CP: Well that year of not working was difficult for everyone as they were all getting ready for a tour. But the best part of 2020 was I got a call from Tommy saying he was ready for me to record the new songs. We had all rehearsed over the internet for so long, so we drove to 1800 miles to Tommy’s house in Nashville. And I’ve recorded there before, it’s very welcoming, not like the corporate recording environment where you can’t wait to leave. And he hands me this 20,000 dollar bass guitar, and I thought “How can I not sound GREAT on this?”. So Will (Beunevich) and Tommy (Shaw) are good at pushing us out of our comfort zones, to make us grow and to be relevant as a rock band in 2020, so people don’t just think “Ok here they go, 1977 again”. So I am really happy with the way it was recorded. And it was exciting with all of us learning our parts, being excited to finally record because we had all learned our parts individually from our own homes during the pandemic. So at 72 years old, to be able to perform for the fans like this is a pretty great thing for me, the band AND the fans.
JH: Oh yeah, I’ve seen that these bands with one original member, doing the “Pay the rent tour”, you guys keep putting out new material, and the new work is great, but as much of your catalogue that I love, my perfect set list, I know I’ll never get to hear all of it, even if your set list was 4 hours long.
CP: Yeah, we have had so many hits in the 70s till now, some are very memorable, it is like that, we play a couple of notes and they are all cheering and singing along, you know “Renegade” or “Blue Collar Man”. They all know those, and they like the new songs too. And with Tommy singing, if you didn’t know he was 67 years old, that voice has not aged one bit, he took care of it over the years, and that shows now, so even now when STYX performs musically, and lyrically they still sound incredible, and the words still have meaning.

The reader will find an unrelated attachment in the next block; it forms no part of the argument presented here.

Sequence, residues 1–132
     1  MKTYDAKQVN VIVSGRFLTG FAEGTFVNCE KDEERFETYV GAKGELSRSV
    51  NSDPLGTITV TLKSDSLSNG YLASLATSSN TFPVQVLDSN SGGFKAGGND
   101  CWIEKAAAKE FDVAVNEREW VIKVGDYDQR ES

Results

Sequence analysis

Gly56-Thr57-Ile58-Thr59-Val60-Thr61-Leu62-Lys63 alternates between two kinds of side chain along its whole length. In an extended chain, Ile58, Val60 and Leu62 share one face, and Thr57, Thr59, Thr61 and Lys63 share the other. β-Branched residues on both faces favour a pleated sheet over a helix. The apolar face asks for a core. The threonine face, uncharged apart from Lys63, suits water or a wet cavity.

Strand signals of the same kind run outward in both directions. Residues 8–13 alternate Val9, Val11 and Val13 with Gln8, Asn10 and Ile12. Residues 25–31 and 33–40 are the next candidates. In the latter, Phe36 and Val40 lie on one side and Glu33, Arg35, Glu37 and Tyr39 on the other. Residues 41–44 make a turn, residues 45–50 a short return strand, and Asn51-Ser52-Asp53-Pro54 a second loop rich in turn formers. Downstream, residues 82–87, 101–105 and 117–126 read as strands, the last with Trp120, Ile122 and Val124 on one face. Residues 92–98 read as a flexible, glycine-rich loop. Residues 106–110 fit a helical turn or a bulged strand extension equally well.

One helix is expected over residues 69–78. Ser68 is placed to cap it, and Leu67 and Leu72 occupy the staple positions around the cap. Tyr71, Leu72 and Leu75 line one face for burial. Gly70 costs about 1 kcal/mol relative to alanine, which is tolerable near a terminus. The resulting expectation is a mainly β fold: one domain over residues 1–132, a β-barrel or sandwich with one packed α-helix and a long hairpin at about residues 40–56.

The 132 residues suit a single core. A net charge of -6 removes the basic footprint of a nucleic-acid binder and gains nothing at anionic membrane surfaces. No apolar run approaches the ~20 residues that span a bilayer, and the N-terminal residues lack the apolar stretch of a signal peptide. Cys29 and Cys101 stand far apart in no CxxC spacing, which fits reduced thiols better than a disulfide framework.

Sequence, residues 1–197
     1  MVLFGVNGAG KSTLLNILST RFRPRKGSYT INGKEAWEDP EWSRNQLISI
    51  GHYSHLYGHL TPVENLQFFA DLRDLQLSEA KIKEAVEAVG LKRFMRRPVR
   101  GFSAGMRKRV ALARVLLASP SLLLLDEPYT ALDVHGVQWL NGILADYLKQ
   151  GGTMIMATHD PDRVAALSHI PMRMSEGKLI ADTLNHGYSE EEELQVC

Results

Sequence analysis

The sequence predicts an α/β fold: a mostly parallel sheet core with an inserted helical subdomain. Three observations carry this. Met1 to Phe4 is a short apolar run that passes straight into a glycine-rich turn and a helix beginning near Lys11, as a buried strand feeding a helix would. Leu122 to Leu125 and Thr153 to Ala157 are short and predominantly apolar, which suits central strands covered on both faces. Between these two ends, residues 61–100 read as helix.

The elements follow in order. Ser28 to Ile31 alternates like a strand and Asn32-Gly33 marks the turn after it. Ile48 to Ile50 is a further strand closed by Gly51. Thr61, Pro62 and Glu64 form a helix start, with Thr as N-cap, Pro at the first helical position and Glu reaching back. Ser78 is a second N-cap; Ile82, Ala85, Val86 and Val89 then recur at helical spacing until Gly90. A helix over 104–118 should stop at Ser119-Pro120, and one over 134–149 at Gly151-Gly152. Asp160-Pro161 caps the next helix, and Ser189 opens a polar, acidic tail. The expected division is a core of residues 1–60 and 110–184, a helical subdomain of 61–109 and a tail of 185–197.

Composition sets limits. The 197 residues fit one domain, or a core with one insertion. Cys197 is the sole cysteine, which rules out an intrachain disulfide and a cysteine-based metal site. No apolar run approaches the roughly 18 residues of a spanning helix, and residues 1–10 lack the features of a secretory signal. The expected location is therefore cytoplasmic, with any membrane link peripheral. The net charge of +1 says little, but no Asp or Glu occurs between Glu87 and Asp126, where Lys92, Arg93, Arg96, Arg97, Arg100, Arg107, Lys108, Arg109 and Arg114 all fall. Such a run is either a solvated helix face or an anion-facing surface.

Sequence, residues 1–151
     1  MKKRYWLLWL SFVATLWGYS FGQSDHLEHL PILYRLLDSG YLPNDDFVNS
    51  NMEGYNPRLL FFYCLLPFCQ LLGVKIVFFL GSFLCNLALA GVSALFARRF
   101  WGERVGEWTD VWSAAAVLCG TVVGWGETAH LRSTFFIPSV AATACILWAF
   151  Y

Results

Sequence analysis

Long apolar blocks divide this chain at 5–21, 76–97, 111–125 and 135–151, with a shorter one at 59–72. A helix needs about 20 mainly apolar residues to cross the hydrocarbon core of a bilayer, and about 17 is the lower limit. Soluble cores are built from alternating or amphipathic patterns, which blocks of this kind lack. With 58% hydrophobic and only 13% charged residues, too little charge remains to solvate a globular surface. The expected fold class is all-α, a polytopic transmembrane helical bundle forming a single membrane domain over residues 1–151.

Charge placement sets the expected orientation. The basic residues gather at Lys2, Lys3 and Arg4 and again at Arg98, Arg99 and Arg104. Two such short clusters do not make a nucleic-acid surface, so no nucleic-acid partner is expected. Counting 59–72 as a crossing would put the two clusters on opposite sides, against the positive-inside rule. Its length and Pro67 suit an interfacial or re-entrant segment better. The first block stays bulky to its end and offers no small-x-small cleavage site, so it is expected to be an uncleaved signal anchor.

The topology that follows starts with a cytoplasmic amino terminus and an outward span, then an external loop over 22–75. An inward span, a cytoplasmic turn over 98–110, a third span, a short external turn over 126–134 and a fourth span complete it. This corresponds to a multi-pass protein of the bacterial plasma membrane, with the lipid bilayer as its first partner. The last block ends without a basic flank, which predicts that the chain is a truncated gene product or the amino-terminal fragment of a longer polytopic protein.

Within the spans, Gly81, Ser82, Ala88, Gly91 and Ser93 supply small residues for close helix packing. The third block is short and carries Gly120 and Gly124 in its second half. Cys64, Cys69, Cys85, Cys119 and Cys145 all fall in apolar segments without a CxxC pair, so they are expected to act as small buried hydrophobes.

JH: Yes, you guys were from that era of pure musicianship, the same era as YES, and Deep Purple, when you really had to have the talent to still be standing past a few albums. I was listening to my brother’s cassettes along with Emerson Lake and Palmer, and Yes.
CP: See how generational we were, your brother had to play us to you.
JH: Well, I was 9 and it was 83/84.
CP: See, so was my dentist, he was 10 when he first heard us around that time.
JH: Yeah my brother brought “Grand Illusion” home, we already knew “Paradise Theater” and songs from “Pieces of Eight” and this was all RIGHT before, I mean, MONTHS before “Kilroy Was Here”.
CP: Yeah, there has been a great evolution of recording since then.
JH: Well, I’ll tell you a story of how far-reaching you guys are. If you saw the Live Aid concert in 85, there was this one Russian band called “AVTOGRAPH” the first time anyone ever saw them outside of Russia. And I heard them thinking “Man, these guys totally sound like STYX”. And 10 years later, I was in Germany, and talking to a Russian guy, I said “All I know about Russian Rock and Roll was that band “AVTOGRAPH”. He showed me an article about them in the Russian version of “Smash Hits” magazine, and they talked about how in those days, getting American rock and roll in Russia was almost impossible. But they were able to get stuff out of Germany. And I think you guys were on EMI at the time and were getting released in West Germany, and thus easier to get stuff into East Germany. And someone in East Germany recorded a take of Paradise Theater. And this bootleg tape made it to Moscow, and they heard it, and that was what made these kids want to form a rock band. So, that is pretty far-reaching for you guys.